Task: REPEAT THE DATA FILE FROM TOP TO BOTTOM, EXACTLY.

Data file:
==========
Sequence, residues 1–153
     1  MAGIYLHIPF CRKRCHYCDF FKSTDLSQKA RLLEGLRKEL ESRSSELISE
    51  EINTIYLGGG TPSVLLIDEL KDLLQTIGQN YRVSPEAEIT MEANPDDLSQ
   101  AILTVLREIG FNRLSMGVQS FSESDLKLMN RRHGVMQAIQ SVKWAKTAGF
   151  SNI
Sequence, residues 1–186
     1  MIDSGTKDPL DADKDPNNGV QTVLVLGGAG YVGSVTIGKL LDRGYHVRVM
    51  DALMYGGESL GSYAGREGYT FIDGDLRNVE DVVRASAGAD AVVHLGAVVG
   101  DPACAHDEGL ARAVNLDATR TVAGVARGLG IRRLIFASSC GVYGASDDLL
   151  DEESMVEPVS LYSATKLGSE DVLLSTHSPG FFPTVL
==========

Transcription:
Sequence, residues 1–153
     1  MAGIYLHIPF CRKRCHYCDF FKSTDLSQKA RLLEGLRKEL ESRSSELISE
    51  EINTIYLGGG TPSVLLIDEL KDLLQTIGQN YRVSPEAEIT MEANPDDLSQ
   101  AILTVLREIG FNRLSMGVQS FSESDLKLMN RRHGVMQAIQ SVKWAKTAGF
   151  SNI
Sequence, residues 1–186
     1  MIDSGTKDPL DADKDPNNGV QTVLVLGGAG YVGSVTIGKL LDRGYHVRVM
    51  DALMYGGESL GSYAGREGYT FIDGDLRNVE DVVRASAGAD AVVHLGAVVG
   101  DPACAHDEGL ARAVNLDATR TVAGVARGLG IRRLIFASSC GVYGASDDLL
   151  DEESMVEPVS LYSATKLGSE DVLLSTHSPG FFPTVL